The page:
Te Papa Education really values the relationships we have made (and continue to make) with other organisations in and around Wellington, and we are always looking for opportunities to work collaboratively.
The celebration of Matariki (Māori New Year) has proven to be a great opportunity to work with the team at Carter Observatory. This year, we decided to provide a Teacher Professional Development session especially for Early Years teachers (ECE-Year 2).
We welcomed 39 participants to the Observatory last Saturday morning (10th May), two of which had come all the way from Carterton! After warming ourselves with tea and coffee, we started the session with a brief mihi whakatau (formal welcome), led by our Senior Māori Educator, Khali Philip-Barbara.
Time in the planetarium followed.
Whilst we gazed up in wonder, John Field, Acting Learning and Programme Manager, pointed out individual stars, constellations and clusters of significance. He also shared with us a number of traditional stories about the night’s sky, such as the Milky Way being Tama-rereti’s waka (canoe). It was interesting to find out that along with the first rising of the Matariki cluster, the moon plays a part in identifying the start of the New Year, and this is why the date changes each year! Did you know that for many iwi (including Ngāti Toa here in Wellington) the rising of the star Puanga is used to mark the beginning of celebrations instead of the Matariki cluster?
We made our way down to Te Papa, where we had some morning tea, and John shared some more about the astronomical side of Matariki. Teachers particularly liked the story of Tama-nui-i-te-rā (the sun) and his two wives, Hine Takarua (the winter wife) and Hine Raumati (the summer wife), which explains the different position of the sun throughout the year.
We passed around some of the handling objects we use here at Te Papa to help children make associations with the stars, and then did an activity around these using a sequencing tool called the ‘Story S’.
We finished this part of our session, by singing a waiata (song), Ngā Tamariki o Matariki, which names the seven major stars making up the Matariki cluster.
Kaitiakitanga (guardianship) is the theme of Matariki celebrations at Te Papa this year, and so, unpacking this concept and looking at ways to approach it with young children was the subject of our remaining time together. Ideas around caring for the environment, significant objects, legends, ngā Atua (Māori gods), superheroes, and taniwha were well received by teachers. Everyone received a pack of resources with more useful material as well.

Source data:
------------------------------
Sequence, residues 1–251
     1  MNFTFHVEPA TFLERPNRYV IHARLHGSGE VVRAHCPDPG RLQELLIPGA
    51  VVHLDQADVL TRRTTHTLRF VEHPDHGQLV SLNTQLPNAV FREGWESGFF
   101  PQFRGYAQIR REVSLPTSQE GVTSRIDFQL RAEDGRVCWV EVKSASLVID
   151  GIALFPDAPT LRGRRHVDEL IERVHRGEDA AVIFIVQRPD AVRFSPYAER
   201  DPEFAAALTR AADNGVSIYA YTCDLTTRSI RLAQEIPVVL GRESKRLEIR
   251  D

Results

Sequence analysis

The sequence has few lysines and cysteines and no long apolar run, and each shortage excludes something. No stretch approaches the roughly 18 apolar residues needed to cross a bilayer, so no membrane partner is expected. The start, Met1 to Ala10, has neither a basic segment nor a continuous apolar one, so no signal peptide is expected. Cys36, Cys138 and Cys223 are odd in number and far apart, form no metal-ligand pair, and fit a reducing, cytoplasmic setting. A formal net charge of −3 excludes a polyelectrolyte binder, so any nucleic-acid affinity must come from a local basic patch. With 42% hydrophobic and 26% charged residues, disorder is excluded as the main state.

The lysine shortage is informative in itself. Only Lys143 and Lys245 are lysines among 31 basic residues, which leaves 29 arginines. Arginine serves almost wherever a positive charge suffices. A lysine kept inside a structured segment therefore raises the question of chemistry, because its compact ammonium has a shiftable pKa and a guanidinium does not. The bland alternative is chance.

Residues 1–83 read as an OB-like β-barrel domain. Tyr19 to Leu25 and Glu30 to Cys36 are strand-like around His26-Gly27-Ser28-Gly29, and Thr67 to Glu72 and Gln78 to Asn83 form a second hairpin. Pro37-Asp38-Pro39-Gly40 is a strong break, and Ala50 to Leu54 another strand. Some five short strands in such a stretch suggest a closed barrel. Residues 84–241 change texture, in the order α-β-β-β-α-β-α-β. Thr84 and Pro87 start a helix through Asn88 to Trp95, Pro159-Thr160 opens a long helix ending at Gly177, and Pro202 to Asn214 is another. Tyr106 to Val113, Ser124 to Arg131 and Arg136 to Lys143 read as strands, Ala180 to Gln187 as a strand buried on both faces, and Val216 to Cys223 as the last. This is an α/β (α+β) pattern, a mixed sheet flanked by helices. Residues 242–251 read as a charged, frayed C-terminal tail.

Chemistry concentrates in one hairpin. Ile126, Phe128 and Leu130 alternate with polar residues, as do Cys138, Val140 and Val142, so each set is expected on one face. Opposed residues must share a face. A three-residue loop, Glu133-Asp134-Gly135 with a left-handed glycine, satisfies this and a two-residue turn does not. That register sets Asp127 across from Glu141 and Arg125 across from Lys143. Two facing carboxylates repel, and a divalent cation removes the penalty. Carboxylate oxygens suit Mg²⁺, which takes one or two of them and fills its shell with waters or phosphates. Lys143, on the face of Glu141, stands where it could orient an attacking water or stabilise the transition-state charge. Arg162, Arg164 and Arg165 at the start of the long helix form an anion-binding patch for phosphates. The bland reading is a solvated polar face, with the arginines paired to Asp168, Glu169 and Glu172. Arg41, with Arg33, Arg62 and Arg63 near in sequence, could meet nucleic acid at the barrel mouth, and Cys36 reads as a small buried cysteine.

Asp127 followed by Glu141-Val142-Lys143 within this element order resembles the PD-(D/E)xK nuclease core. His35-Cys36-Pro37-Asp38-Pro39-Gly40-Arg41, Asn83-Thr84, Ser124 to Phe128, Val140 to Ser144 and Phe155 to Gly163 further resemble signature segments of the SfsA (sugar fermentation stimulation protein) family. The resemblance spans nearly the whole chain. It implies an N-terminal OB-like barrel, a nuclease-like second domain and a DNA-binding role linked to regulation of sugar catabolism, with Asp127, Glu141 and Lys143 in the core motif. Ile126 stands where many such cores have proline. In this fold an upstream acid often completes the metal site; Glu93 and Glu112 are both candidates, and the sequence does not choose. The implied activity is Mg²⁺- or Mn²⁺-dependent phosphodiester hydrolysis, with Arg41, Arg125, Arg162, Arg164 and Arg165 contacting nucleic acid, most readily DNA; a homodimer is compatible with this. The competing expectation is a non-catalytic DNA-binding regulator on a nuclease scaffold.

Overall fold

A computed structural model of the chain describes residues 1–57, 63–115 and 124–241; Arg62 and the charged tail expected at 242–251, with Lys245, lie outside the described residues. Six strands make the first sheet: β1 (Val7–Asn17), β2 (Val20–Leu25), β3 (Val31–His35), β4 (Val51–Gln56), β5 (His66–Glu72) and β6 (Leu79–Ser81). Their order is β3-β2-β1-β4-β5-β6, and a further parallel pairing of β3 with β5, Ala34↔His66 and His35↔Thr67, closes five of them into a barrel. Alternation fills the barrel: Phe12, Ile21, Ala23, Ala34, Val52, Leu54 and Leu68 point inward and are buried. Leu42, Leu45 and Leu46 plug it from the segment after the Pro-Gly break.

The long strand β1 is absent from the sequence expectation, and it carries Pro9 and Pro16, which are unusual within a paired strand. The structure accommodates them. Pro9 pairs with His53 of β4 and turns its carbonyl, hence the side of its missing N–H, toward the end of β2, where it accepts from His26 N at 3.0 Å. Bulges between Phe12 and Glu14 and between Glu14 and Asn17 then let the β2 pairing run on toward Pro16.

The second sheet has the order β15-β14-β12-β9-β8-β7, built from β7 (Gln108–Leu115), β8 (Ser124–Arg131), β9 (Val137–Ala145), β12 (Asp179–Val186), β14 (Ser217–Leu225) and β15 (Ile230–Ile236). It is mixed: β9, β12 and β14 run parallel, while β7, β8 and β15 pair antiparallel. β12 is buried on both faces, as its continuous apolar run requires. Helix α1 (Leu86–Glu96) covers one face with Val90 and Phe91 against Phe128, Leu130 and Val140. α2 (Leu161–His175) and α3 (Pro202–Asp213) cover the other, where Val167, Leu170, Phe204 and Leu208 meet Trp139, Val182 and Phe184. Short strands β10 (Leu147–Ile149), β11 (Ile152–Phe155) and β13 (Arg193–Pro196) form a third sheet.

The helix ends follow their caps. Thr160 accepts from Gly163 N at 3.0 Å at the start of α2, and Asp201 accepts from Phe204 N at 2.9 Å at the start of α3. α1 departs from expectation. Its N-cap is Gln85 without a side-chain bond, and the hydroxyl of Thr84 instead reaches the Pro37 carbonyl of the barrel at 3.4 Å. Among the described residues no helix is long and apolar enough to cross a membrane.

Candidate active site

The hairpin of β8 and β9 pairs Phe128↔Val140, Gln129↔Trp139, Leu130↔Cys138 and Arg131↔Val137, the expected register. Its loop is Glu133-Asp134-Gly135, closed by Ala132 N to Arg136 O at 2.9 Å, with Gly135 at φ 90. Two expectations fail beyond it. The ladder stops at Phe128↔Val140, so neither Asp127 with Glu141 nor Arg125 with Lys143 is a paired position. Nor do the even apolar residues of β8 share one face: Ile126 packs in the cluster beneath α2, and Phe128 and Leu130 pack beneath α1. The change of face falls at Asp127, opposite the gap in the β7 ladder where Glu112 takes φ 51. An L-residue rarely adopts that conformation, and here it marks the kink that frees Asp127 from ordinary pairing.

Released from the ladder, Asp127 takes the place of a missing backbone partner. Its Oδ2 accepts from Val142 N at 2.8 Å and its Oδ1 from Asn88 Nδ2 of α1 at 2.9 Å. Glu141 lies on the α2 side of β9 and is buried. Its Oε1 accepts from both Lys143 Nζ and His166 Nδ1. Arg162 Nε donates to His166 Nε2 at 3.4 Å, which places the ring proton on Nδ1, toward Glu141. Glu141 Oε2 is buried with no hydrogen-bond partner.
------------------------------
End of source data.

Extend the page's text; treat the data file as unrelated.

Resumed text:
When talking about our Te Papa taniwha, made during SeaWeek to warn visitors against dumping rubbish into the ocean, it was really encouraging to hear that Southend Kindergarten already had a taniwha too! Their friendly kaitiaki lives on the front fence, keeping a watchful eye over the children and the centre. It is a welcoming face to the community, and well loved by the children and their families.
These examples led to great korero (talk) amongst teachers about the taniwha they could make with their tamariki (children)!
It was a real pleasure for John, Khali and myself to run this session, and we hope everyone came away with more knowledge, skill and confidence in engaging with and responding to Matariki with young children.
Let us know how you get on with your celebrations in 2014!
hi uh can you tell me if you know the jobs of the seven sisters thanks much appreciated
Check out our resource from 2015 – Ko te whanau o Matariki – on the Te Papa education resource page for this info 🙂
The Story S concept was something that I came across while teaching in the UK. It is used with children to help them do such things as identify the parts of the story they are studying, as a visual/tactile in story recall (along with images from the story), or as a tool for them to plan their own writing.
I hope that helps 🙂
Can you please recommend where I can find the story s planning and ideas. Obviously my searching skills are not that great.
Hi Rebecca, John, Khali
Many thanks for the PD session and your sharing of ideas. Today (gorgeous day here in Wellington), with a colourful feather cloak/wings made for kiwi, we took our bird puppets outside at whole group mat time and I tried storytelling How Kiwi Lost His Wings using our trees. The sunlight really was twinkling down through the leaves and the children seemed quite enthralled with the story. We left the puppets outside and many children acted out bird games the rest of the day. Thanks for the idea. Khandallah Kindergarten.
Thanks for your post Khandallah Kindergarten! Sounds like you had a wonderful story session 🙂
We are all so pleased that the Professional Development session was so useful
Kia Ora Rebecca
The Matariki session was awesome and please pass on our thanks to John from Carters Observatory for the interesting talk on the night sky.
We are also focusing on kaitakitangi this year for Matariki as it links well with our current self review on sustainability. We will be retelling the story of kiwi losing his wings to our tamariki along with teaching the matariki song naming the planets (from your website). We will send you photos.
A huge thank you for organising another great PD session. So much work went into it, the handouts were great and my team learned a great deal.
Cheers for your comment Karen. We look forward to seeing your pictures 🙂